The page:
Therein lays the real distinction between horsepower and torque. As stated at the beginning of this article, horsepower is what torque does! Torque is force applied; horsepower is the displacement of an object, or objects, over a distance during a period of time. An engine, in and of itself, produces no horsepower, as it does no work. Only when it is connected to a load through some sort of machinery, in our case, an automobile is horsepower produced.

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You will often hear of building a "torque" motor for one purpose and a "horsepower" motor for another. In reality, what is meant by these distinctions is nothing more than defining where in the rpm range the torque is generated. A motor that produces its maximum torque at a low rpm would be a "torque" motor, whereas one that produces maximum torque at a higher rpm would be a "horsepower" motor. Naturally, that's a broad generalization, but it serves to illustrate the differences.

In truth, I'd love to see the term "horsepower" discarded, as, in my opinion, it has no real value. When an engine is tested on a dynamometer, only torque is measured - horsepower is then mathematically calculated from the torque values, using the equation:

How does this equation relate to anything? Consider an engine sitting on a test stand (dyno), with a pulley attached to the crankshaft. Assume that a rope is wrapped around the pulley, and a load, or weight, is attached to the rope, as shown below:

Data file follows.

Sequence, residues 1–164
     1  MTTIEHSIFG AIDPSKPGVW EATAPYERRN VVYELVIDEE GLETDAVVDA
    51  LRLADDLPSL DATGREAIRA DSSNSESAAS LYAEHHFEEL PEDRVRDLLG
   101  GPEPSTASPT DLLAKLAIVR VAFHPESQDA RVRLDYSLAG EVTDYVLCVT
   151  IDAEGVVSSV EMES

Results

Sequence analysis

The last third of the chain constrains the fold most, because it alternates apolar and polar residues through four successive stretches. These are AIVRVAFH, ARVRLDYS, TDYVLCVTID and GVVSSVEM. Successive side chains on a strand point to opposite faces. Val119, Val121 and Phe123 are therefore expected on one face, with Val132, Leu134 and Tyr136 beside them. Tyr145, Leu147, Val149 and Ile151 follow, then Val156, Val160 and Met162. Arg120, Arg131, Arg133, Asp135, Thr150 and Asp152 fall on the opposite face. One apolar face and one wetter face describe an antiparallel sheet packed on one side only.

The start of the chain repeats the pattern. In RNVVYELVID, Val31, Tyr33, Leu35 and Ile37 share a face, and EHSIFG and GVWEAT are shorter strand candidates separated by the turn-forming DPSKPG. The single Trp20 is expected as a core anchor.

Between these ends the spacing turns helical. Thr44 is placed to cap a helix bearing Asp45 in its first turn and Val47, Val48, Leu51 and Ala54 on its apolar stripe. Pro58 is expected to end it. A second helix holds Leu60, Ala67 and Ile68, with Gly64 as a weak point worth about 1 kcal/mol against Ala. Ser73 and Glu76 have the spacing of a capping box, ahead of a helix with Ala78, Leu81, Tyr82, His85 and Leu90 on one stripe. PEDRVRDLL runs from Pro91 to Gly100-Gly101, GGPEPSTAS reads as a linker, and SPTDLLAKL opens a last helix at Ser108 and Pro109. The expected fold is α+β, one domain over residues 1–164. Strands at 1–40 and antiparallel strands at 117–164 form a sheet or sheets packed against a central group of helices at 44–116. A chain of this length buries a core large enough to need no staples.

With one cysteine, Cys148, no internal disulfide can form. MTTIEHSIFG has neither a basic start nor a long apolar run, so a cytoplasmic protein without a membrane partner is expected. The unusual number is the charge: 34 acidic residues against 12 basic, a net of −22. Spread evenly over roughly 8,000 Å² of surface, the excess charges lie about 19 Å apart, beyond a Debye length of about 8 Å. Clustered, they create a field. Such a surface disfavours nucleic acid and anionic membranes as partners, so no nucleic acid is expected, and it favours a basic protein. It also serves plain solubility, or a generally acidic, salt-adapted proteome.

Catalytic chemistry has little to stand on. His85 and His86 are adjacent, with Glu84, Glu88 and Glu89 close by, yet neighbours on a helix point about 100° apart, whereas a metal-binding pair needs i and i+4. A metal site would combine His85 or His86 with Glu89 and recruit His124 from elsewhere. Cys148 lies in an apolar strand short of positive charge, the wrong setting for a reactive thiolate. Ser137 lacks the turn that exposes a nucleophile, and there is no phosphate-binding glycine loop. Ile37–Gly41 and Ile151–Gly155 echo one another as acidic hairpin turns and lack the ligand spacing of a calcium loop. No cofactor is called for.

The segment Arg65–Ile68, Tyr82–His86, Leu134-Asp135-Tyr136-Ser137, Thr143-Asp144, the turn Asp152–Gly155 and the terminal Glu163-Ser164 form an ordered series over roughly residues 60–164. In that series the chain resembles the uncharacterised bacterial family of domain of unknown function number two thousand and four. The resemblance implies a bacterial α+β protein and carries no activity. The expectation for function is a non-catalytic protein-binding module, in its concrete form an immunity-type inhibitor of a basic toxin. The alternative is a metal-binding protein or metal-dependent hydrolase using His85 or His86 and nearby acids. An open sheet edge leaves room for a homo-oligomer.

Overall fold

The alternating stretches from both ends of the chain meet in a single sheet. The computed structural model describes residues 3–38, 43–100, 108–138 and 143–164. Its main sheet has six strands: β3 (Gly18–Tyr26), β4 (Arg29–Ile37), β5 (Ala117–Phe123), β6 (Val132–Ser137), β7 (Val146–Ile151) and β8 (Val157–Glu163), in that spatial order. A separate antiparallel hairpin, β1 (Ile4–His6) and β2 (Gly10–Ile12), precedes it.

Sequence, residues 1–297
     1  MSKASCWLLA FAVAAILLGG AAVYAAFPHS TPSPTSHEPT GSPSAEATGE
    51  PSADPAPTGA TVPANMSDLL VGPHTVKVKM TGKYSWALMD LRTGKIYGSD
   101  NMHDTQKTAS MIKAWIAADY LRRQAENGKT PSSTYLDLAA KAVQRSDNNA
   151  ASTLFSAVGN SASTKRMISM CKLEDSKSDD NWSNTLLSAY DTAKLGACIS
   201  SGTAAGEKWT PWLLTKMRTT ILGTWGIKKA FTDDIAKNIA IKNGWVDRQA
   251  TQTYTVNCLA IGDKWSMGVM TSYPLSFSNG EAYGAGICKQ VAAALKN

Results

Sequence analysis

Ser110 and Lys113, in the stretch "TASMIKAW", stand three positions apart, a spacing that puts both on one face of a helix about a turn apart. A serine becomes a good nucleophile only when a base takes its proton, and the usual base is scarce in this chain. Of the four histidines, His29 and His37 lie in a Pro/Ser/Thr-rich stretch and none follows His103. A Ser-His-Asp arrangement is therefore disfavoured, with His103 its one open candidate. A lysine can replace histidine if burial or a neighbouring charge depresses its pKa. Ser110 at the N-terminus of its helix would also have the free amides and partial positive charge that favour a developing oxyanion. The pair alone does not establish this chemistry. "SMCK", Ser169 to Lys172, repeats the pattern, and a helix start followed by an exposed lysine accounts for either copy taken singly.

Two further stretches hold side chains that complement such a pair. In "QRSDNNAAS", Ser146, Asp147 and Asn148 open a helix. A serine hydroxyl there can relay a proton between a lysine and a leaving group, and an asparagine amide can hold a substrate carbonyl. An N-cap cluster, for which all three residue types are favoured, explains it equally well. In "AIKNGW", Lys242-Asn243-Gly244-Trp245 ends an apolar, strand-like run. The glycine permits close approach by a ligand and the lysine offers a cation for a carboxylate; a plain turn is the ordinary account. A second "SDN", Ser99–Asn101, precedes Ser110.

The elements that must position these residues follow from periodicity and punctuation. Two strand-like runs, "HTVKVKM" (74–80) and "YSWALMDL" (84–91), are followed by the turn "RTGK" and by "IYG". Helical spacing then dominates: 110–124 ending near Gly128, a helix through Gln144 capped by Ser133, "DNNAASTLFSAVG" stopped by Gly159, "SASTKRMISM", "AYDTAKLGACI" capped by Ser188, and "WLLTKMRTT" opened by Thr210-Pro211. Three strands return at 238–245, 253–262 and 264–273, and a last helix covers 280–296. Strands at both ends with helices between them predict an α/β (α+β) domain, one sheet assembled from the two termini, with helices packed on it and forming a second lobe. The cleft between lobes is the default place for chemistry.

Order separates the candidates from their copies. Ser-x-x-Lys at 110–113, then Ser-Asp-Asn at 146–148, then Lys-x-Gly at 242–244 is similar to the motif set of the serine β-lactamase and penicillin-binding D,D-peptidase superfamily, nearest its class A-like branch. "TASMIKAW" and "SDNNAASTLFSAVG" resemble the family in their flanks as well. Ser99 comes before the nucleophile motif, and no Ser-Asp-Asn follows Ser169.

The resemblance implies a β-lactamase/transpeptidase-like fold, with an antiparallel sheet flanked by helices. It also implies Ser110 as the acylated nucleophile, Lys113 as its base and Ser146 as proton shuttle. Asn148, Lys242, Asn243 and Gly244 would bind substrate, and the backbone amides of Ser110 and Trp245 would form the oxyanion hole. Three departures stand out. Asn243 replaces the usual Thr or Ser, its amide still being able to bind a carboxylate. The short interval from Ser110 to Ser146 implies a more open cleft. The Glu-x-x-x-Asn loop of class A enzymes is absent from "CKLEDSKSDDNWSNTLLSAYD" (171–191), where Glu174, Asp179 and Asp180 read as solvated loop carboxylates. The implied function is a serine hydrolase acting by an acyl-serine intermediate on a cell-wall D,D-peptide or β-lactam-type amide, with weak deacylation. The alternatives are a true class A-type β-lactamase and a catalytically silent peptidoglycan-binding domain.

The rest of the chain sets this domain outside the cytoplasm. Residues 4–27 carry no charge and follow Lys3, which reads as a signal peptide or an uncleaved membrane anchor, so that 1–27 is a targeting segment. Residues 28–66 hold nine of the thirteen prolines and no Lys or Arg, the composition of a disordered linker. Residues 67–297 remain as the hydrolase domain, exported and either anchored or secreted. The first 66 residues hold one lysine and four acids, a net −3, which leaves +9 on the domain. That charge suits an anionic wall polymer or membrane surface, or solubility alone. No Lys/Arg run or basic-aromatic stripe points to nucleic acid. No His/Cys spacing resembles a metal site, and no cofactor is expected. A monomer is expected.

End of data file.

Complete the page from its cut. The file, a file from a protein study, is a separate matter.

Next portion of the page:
As you can see, the pulley acts as a lever arm, with a length equal to the radius of the pulley. As the pulley rotates, it has the same effect as the twisting of the lever arm. Foot pounds of torque are then converted into a "lifting" force. If the pulley is one foot in circumference, one rotation of the pulley will lift the weight one foot, and if the pulley (engine) is operating at 60 rpm (one revolution per second), then the weight will be lifted one foot in one second. If you will recall from above, 550 pounds lifted one foot in one second is the definition of one horsepower, so we have a one horsepower engine. Sparing you the math, it can be shown that after all the conversions - seconds to minutes, radius to circumference, factoring in the value of Pi, etc - horsepower is indeed related to torque per the above equation.

Consider two engines, both rated at 200 HP. Engine "A" is 200HP at 10,000rpm, and engine "B" is 200HP at 3,000rpm. Working the equation backwards, we see that engine "A" is producing 105lbft torque at 10,000rpm, while engine "B" is producing 350ft-lb torque at 3,000rpm. Which engine would you rather have in your car? Without further data, you can't really make a choice. In fact, they could very well be the same engine.

But what if you learned that engine "A" only produced 75HP (131lbft) at 3,000rpm, and "B" only produced 75HP (39lbft) at 10,000rpm, which one would you want? Before you could make a valid decision, you'd need to know two things - what you intended to use the engine for, and what the torque curve looked like. Never mind horsepower, you want to see that the torque peak falls where you need it, and is enough for the job at hand.

Disclaimer: This page was researched and written by Dan Masters. Views expressed are those of the author, and are provided without warrantee or guarantee. Apply at your own risk.